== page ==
For the past four editions, Pakistan cricket team has gone into the Cricket World Cup with all on its mind, except winning the tournament.
The team that was quite strong on paper could have qualified for the second round in 2003 and 2007; instead one World Cup saw the end of a captain (Waqar Younis), the other resulted in the death of a coach (Bob Woolmer). By the end of the 2011 World Cup, Pakistan had lost the last of its Express pacers (Shoaib Akhtar) and if all goes as planned by the Pakistan Cricket Board, Misbah-ul-Haq will be made to say good bye to cricket after the next World Cup, for which Pakistan is anything but ready.
Why we are not ready is really the question here. The mega event will be played early next year in Australia and New Zealand, the grounds where Pakistan managed to clinch the Cup 22 years back under the leadership of Imran Khan.
Yes, the players in that team were not the best selected but they had a captain who never said never, who was in it to win it. Can the same be said for the current Pakistan captain Misbah-ul-Haq who argues that the team fared badly in Sri Lanka because they had no match practice? Anyone with brains would disagree because practice makes you get used to the conditions, not make you a better batsman. How many matches did Javed Miandad play before he went onto mastermind the 1992 victory? The former captain of the national side wasn’t even in the squad that left for Down Under due to injury and had to be drafted in on his reputation, not on his performance in the practice matches.
Many cricketers in the current side seem to be playing on their reputations and their performances in Sri Lanka is a proof of their ‘greatness’.
Had Sarfraz Ahmed been the Test side wicket-keeper of a nation with sensible management, he would have been retained in the one day squad for his amazing form with the bat. But sadly, he is a Pakistani cricketer and was sent back home despite being in the form of his life.
In his place, Umar Akmal was preferred who fared badly (as usual), and was also sent (read wasted) at the coveted number 4 position in the first two matches.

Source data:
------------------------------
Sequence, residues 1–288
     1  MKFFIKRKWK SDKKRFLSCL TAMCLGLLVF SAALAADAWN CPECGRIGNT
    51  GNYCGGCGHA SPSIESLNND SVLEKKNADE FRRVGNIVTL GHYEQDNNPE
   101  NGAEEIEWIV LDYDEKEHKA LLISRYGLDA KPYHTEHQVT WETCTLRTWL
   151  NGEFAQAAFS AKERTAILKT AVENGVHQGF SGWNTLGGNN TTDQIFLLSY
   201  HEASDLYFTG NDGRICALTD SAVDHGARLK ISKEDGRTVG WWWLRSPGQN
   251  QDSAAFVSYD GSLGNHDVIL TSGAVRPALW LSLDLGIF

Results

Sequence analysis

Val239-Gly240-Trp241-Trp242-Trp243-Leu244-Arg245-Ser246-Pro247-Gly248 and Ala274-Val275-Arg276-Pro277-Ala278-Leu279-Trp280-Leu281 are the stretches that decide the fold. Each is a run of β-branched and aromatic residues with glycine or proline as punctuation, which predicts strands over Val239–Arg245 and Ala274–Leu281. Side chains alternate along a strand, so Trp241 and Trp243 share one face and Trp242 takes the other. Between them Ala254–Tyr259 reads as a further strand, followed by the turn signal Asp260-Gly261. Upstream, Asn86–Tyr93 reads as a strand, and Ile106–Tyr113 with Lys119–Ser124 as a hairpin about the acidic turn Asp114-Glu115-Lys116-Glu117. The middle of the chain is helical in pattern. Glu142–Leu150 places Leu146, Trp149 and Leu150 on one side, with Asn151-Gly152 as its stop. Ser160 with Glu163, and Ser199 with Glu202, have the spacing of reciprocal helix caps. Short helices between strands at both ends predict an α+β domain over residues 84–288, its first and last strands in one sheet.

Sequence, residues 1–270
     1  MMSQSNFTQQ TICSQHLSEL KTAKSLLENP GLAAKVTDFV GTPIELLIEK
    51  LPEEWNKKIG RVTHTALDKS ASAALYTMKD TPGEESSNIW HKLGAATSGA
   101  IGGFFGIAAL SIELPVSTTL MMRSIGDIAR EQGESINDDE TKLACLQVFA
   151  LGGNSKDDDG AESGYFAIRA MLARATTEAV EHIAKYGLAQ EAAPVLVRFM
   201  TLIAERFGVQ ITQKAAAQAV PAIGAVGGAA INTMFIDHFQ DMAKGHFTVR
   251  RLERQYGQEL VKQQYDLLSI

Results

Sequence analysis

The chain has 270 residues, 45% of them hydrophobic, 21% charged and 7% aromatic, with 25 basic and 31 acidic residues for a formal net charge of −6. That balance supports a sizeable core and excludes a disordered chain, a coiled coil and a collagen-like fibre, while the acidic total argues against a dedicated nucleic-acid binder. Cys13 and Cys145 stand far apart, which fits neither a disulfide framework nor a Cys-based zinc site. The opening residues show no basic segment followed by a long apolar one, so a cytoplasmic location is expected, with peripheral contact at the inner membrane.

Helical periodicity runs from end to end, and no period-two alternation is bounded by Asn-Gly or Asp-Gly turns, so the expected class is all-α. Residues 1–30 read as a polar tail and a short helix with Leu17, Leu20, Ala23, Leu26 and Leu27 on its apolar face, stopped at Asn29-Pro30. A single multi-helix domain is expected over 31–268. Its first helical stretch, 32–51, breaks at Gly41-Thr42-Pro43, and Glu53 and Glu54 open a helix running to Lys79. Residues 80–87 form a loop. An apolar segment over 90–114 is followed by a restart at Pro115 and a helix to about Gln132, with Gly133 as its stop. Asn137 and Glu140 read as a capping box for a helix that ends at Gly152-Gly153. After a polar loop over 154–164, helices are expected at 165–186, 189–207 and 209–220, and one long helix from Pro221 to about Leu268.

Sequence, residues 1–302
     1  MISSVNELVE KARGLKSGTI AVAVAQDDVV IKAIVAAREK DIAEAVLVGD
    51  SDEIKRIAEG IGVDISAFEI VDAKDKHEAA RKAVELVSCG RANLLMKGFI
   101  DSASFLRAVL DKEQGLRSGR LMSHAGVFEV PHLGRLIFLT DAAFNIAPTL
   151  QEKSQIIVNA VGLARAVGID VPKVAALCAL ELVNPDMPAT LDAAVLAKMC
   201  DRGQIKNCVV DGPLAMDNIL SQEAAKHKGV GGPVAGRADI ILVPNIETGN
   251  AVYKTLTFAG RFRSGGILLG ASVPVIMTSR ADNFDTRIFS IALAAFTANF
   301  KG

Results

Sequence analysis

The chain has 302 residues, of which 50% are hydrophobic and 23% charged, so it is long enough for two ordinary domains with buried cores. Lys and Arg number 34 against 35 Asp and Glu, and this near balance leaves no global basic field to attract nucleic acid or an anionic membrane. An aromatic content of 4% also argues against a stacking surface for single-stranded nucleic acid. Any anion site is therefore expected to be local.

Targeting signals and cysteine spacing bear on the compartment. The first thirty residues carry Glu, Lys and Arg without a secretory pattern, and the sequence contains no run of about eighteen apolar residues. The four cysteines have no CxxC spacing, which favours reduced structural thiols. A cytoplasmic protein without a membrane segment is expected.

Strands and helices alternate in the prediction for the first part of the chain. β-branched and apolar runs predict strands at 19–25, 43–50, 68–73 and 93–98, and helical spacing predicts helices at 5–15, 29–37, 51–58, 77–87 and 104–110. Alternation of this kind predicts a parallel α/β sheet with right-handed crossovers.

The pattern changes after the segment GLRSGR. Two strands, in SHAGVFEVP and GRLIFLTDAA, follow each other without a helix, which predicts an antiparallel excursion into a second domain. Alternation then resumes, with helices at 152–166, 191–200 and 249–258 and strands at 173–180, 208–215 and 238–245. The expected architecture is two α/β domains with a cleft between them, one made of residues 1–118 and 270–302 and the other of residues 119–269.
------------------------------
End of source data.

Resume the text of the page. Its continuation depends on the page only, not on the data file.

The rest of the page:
There was no reason for the captain (or the management) to send Sohaib Maqsood at number 7 in all three matches. After his fighting innings in the first one dayer, he should have been promoted but that didn’t happen. What did happen was that the out-of-luck Sharjeel Khan was recalled, Mohammad Hafeez was asked to bat at number 3 and the batsman in form — Sohaib Maqsood — was sent so low down in the order that it meant he contributed virtually nothing.
The same goes for Fawad Alam who should bat higher in the order, considering he has scored a Test century as an opener (in Sri Lanka), and Pakistan doesn’t have a reliable bat at the top of the order. For those who think that it’s too much to ask, how about sending him at number 4 instead of Umar Akmal who shouldn’t be in the side in the first place!
Pakistan also missed a quality all-rounder in Sri Lanka. The hosts seemed to have been rich in the department since Angelo Matthews and Thisara Perera outdid the competition big time. The Sri Lankan skipper made 182 runs and finished with two wickets, while Thisara Perera managed to score 78 runs (that included an unbeaten knock of 65 runs) and take as many as nine wickets in just three matches! Pakistan on the other hand didn’t even think of selecting Anwar Ali in the final XI who can bat as well as bowl. Even Zulfiqar Babar would have scored more runs than the so-called all-rounder Wahab Riaz who fared well with the bowl, surprisingly.
As for Anwar Ali, the right-arm medium pacer would have been a breath of fresh air in the all-left pace attack of Pakistan. I have nothing against Wahab Riaz, Mohammad Irfan and Junaid Khan but having three pacers who deliver the ball from the ‘other side’ is more like a liability than an asset. And Anwar Ali in Sri Lanka is always a dangerous combo since it was in Colombo that he took five wickets for 35 runs against India in the final of the Under-19 World Cup in 2006.
So why did Pakistan lose the ODI series? Was sending Saeed Ajmal away for the first two matches, for his biomechanics test, a miscalculated blunder? Was selecting a half fit Mohammad Irfan for the series a haphazard decision? Yes they were. Saeed Ajmal was not in the right frame of mind in the second Test and he should have been sent away during the Test series, instead of ODIs.
As for Mohammad Irfan, the lanky pacer ended with three wickets for 150 runs in three matches which was the last thing one expected from him. Junaid Khan also looked tired in the one dayers; it would have been better had he been rested for the two matches he played — he ended with just one wicket for 139 runs! If anyone is to blame for the debacle in Sri Lanka, it is the management and one hopes that one-person-per-job policy of the newly elected Chairman Shehryar Khan will help Pakistan in the longer run.